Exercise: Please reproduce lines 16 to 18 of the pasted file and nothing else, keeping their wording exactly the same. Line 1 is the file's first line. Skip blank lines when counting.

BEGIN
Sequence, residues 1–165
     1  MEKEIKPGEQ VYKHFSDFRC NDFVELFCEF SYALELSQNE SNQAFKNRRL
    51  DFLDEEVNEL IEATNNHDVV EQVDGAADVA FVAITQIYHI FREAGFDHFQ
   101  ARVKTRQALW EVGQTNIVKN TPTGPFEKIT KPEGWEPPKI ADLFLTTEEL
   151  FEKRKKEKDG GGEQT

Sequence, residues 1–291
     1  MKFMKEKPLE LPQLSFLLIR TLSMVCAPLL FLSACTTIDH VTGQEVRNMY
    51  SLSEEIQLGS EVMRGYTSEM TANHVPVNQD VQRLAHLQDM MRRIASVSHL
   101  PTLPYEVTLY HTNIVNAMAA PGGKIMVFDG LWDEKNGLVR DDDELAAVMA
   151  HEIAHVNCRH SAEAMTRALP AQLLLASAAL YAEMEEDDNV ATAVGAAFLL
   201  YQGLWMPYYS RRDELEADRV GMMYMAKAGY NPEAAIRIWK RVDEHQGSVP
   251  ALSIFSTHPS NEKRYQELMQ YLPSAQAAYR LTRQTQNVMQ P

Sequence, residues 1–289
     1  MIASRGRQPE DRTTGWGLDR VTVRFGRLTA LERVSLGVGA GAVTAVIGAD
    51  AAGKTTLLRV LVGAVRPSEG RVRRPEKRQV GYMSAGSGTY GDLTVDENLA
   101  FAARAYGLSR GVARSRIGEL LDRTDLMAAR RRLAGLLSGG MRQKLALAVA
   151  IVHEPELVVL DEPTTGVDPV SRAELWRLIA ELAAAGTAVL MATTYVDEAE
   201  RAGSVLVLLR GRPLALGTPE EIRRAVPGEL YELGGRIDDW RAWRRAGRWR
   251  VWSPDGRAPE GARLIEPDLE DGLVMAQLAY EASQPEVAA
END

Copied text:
   101  FAARAYGLSR GVARSRIGEL LDRTDLMAAR RRLAGLLSGG MRQKLALAVA
   151  IVHEPELVVL DEPTTGVDPV SRAELWRLIA ELAAAGTAVL MATTYVDEAE
   201  RAGSVLVLLR GRPLALGTPE EIRRAVPGEL YELGGRIDDW RAWRRAGRWR